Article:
∂27††††† JoAnn testified that she recalled telling her husband about her relationship with Thiel on June 11, 1999, which was the day he returned to the United States after nine months of overseas military service.† Her husbandís recollection of the conversation, as recorded in a pre-trial statement, was that it occurred following a July 16, 1999 appointment that he and JoAnn attended with Thiel.† Although this inconsistency was expressly mentioned by the prosecution during opening arguments, Thielís counsel did not develop it during the evidentiary portion of the trial.† The circuit court concluded that by failing to pursue this clear inconsistency, Thielís trial counsel unreasonably failed to take advantage of an obvious avenue for potential impeachment.† Due to the centrality of JoAnnís credibility in the trial, the circuit court also concluded that the deficiency was prejudicial to Thielís defense.†
∂28††††† While the difference in the two recollections of when the disclosure occurred could have shown JoAnn to be an unreliable witness regarding the date of disclosure, that date was not material to Thielís defense.† It was Thielís position at trial that JoAnnís allegation of sexual contact was concocted after she became angry with him on July 30, 1999 because he would not help her get disability payments.† However, regardless of which version of the date on which JoAnn told her husband about her relationship with Thiel the jury believed, the disclosure to her husband occurred before July 30, 1999, the date on which Thiel maintains JoAnnís anger caused her to make up the allegations of sexual contact.† Accordingly, we conclude that even if we presume the conduct deficient, no prejudice occurred.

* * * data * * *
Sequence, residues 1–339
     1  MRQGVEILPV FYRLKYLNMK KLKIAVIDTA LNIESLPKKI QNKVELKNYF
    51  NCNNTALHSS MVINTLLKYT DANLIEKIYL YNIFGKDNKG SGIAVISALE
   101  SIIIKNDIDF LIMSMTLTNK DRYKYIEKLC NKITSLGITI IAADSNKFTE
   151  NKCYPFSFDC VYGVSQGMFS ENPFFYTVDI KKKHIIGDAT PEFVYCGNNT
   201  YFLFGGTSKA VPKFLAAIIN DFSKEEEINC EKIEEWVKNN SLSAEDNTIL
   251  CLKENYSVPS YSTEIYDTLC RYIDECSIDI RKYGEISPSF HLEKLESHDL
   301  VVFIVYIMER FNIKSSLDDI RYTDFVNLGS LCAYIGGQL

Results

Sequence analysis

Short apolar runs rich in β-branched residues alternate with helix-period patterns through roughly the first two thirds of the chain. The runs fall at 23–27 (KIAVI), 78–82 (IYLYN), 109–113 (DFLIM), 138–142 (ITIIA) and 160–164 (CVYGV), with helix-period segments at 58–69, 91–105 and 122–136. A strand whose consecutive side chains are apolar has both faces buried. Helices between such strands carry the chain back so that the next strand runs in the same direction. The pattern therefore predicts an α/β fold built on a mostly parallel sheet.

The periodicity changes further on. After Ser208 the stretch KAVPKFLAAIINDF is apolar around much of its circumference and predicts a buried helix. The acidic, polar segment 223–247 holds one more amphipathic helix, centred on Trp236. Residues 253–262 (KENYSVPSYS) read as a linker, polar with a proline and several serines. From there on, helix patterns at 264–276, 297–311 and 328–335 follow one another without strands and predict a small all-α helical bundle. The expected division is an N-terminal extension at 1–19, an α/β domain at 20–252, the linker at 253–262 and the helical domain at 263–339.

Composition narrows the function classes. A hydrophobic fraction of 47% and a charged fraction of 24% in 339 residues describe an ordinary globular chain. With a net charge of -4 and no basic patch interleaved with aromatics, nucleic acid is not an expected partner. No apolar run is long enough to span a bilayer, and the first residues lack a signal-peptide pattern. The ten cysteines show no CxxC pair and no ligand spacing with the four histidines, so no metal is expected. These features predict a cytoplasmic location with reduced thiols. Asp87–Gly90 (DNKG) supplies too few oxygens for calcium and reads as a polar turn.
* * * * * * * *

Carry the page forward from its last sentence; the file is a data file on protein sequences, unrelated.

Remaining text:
††††††††††† e.†††††††† Description of Thiel.
∂29††††† While Thiel points out things he believes trial counsel should have done, when we examine ineffective assistance claims we must look at the totality of the representation provided by counsel.† Strickland, 466 U.S. at 695.† Here, trial counsel skillfully handled JoAnnís physical description of Thiel, by securing a stipulation from the prosecution that (1) JoAnnís testimony concerning Thielís body hair pattern was not consistent with Thielís actual body hair and (2) JoAnnís description of Thielís genitalia was accurate.† As a significant part of the stipulation, the State agreed not to attempt to admit photographs of Thielís body.† Without the photographs in evidence, Thielís counsel was able to credibly argue to the jury not only that part of JoAnnís description was inaccurate, but also that her description of Thielís genitalia was so general that it was not significant.† Had the photographs been admitted, this argument would have been much less plausible.† Trial counsel also succeeded in keeping out of evidence the terms of Thielís divorce from his former wife, thereby keeping out the sexual details of their relationship; provided ample evidence to the jury of the many lies JoAnn told in many different circumstances and repeatedly brought out in closing argument that JoAnn was not a credible witness.
††††††††††† 3.†††††††† Expert Witness.